The world of thermostats for hydronics is full of myths and misunderstandings. Some of these are misinformation about thermostats in general. Some are specific to mercury-bulb thermostats. And some thermostat myths apply just to hydronics.
Typical of electro-mechanical, non-electronic, mercury-bulb thermostats are the Honeywell T87 and the White Rodgers 1E56. These are sometimes thought of as old-fashioned thermostats since they are not electronic. But the purpose of thermostats is temperature control, and these are still great at doing just that.
So here are some mercury-bulb thermostat myths I want to address, that you may have heard of:
Myth:Mercury-bulb thermostats should be replaced because they are inaccurate.
Fact:Mercury bulb thermostats are among the most accurate for temperature control within the HVAC industry. Cheap electronic thermostats provide inferior temperature control.
Myth:Mercury bulb thermostats are hazardous and should be removed.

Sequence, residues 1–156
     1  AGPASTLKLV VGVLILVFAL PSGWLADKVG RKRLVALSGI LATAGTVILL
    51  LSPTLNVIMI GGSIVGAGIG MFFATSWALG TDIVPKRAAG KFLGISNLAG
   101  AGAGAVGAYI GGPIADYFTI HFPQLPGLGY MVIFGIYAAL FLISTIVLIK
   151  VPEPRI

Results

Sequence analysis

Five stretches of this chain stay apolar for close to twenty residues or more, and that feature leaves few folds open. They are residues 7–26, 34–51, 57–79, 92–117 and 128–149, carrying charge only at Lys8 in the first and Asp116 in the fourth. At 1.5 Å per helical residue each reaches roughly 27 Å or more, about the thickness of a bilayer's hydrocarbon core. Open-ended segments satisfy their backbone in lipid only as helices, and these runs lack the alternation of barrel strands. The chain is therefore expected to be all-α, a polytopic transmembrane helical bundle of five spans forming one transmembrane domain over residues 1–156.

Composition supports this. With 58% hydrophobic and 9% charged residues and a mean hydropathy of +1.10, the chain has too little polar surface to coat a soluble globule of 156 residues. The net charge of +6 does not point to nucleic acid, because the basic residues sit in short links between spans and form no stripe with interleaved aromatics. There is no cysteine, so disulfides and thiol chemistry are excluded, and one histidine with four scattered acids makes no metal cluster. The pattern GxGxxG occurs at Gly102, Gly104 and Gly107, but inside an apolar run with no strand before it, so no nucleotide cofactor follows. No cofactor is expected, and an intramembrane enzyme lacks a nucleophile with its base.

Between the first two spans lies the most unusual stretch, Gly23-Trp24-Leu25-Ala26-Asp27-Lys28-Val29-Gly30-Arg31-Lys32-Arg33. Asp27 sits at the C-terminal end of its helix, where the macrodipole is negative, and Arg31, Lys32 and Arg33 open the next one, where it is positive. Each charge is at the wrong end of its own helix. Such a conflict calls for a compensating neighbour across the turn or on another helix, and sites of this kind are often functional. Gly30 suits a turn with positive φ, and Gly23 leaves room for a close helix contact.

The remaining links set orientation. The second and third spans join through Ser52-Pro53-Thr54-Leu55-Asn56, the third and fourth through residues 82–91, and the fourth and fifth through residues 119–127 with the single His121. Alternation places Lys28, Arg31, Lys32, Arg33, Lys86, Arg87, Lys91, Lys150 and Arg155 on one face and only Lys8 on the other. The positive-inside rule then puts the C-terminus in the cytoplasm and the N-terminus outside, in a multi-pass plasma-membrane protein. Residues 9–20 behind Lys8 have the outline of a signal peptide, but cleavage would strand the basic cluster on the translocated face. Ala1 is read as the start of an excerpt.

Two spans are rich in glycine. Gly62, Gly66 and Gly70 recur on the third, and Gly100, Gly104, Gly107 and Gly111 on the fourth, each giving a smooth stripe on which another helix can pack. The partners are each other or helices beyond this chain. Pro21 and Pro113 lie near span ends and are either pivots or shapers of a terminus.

Fact:The small amount of mercury in a thermostat is safely encased in a glass bulb. Unless the bulb is broken, which isn’t going to happen unless someone smashes it, the mercury is perfectly safe. On the wall with the cover properly mounted, there’s not much chance of the bulb being broken.
Myth:Mercury should be removed from a thermostat when the thermostat is replaced.
Fact:Replace the cover on the thermostat and return the intact thermostat to your wholesaler for mercury recycling. If your favorite wholesaler does not participate, it should be easy to find one that does.
Myth:For hydronics, slide the anticipator all the way to the end of the dial. (This myth is so bad that it does not even say which end.)
Fact:But first, what is an anticipator? Have you ever wondered what the purpose is of the dial inside a non-electronic thermostat — the dial that has decimal numbers on it? This is the thermostat anticipator. It is there to make sure the room temperature is comfortable. The HVAC industry definition of comfort is that the temperature in the living space does not vary by more than a few degrees.